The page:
Polling the mouse

Curry curry at kagi.com
Thu Feb 21 20:35:01 EST 2002

Scott Raney wrote:

> Yes.  The full list of functions to avoid because they are deprecated is:
> the mouse
> the mouseClick
> the mouseH
> the mouseV
> the mouseLoc
> the optionKey
> the commandKey
> the controlKey
> And the very worst thing to do with any of these is "repeat until
> <function>", which will condemn you to the fires of eternal damnation
> in multiuser hell ;-)

Scott, I understand the problems of the OS penalty due to hogging the
computer with polling of mouse functions during a repeat, but there are
different kinds of software; in some cases, we may want to make software
that is supposed to be the only main application running on a computer, for
example, a game, a presentation, or an educational application with a lot of

Often, the documentation may even advise users of these types of programs to
not run other applications unnecessarily at the same time for better
performance. With these types of applications, often you would be
ill-advised to run other major software at the same time anyway, not just
because of its effect on the other software, but also because of other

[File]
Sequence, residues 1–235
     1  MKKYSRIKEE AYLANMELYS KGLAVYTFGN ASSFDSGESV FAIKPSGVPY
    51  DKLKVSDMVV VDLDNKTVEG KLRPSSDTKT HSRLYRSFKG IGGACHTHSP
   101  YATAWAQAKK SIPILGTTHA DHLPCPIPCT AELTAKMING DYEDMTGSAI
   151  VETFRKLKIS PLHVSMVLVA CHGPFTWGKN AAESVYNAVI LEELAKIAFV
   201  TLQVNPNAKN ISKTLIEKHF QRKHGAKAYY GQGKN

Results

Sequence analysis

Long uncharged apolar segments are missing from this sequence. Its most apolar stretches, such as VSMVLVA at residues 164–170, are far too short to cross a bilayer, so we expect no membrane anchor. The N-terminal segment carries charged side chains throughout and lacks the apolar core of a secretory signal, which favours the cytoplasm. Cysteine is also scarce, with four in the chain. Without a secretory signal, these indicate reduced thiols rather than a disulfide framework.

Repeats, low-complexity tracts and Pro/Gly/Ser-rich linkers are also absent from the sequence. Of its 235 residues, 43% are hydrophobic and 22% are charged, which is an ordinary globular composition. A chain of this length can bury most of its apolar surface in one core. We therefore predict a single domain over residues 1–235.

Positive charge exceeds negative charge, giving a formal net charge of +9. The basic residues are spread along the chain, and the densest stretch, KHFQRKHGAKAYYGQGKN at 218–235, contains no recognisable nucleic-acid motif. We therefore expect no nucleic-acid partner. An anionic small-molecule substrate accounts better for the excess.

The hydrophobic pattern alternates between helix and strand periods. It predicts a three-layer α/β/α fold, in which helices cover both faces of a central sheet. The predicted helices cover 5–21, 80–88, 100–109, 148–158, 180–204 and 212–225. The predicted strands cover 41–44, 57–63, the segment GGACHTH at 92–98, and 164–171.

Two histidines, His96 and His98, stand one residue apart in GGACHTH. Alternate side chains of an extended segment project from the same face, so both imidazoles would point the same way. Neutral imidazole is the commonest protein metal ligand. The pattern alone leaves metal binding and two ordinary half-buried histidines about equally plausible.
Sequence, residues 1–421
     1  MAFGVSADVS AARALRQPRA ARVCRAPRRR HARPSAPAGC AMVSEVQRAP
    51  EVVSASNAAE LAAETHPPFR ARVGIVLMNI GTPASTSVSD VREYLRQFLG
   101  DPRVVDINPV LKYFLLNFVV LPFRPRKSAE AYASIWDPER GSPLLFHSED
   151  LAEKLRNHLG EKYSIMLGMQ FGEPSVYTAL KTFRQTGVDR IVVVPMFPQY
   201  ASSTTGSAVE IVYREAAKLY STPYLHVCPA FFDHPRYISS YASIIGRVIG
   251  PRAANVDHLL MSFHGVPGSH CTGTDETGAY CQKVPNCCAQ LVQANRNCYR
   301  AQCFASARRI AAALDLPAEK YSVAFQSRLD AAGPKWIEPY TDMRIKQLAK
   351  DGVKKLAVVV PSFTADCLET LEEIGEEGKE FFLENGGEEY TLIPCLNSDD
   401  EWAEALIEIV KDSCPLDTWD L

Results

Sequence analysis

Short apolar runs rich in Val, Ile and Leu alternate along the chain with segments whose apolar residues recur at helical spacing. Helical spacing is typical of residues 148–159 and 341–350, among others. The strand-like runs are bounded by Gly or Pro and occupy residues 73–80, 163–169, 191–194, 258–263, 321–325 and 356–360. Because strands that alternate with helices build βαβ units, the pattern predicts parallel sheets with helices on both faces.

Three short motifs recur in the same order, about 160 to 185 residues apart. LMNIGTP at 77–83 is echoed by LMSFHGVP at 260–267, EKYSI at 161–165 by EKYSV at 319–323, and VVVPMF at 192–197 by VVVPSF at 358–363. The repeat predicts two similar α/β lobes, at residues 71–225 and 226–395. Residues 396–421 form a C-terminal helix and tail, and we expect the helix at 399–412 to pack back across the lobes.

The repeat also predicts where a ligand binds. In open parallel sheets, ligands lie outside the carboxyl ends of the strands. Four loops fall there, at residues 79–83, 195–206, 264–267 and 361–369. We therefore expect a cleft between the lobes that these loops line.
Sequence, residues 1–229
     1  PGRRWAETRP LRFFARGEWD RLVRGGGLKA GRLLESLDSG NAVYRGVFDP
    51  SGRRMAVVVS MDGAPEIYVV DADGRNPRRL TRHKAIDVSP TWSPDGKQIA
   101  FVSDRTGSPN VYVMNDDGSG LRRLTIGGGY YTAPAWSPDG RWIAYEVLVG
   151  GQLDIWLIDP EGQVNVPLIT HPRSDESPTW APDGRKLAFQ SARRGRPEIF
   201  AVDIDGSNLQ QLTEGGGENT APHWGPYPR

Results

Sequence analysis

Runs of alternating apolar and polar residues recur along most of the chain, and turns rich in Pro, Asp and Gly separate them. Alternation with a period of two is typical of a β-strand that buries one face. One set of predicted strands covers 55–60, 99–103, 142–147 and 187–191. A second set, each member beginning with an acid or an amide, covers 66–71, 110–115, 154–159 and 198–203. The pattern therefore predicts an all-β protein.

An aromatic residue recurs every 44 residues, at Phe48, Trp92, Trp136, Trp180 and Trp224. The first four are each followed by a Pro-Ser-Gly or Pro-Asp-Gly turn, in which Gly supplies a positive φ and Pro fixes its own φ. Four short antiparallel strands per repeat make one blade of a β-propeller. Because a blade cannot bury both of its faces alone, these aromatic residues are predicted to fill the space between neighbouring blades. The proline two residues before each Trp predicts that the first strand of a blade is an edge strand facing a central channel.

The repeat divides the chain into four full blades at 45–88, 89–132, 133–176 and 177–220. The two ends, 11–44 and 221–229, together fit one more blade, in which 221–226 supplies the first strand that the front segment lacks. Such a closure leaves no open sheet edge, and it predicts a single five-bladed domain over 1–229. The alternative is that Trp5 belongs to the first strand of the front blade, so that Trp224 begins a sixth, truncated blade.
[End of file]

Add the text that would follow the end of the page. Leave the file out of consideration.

software's effect on it.

For example, in one game project, I started off with the mouseMove message,
and then had to switch to send..in plus the mouseLoc (once per handler),
because mouseMove was not nearly responsive enough. (The object was always
moving toward the mouse, but at its own speed, not directly tied to the
mouse.) This was much more responsive.

There are comparable situations with the other functions. I have no problem
with the mouseClick going out. It's an obvious case. But I think it would be
terrible to remove the others functions which were mentioned. As Scott said,
it's using them with repeats that causes the problems.

So, first, can we be assured that these functions will still remain, at
least asynchronously, in the future? Otherwise, if the corresponding
messages don't work well enough for a certain task, we will be in a jam

Secondly, using these functions synchronously allows much more convenient
scripting for testing, personal projects, students (as someone mentioned),
etc. Why not keep the functions synchronous, with the exception of
mouseClick which could be turned asynchronous or simply trashed, and leave
the responsibility of using them correctly up to the scripter?

If a function is only called once per handler, it still won't hurt the
system if called synchronously. For those making utilities and well-behaved
games or educational apps that aren't full-screen or intensive, that would
allow them to have a way to check once or twice within a handler and be
assured of an accurate result.

For those making full-screen or intensive apps, or testing or making
projects for personal use, they could choose to poll these functions and
take the consequences. If used wrongly, like anything else if life, they
could cause problems, but that's what life is all about--using things the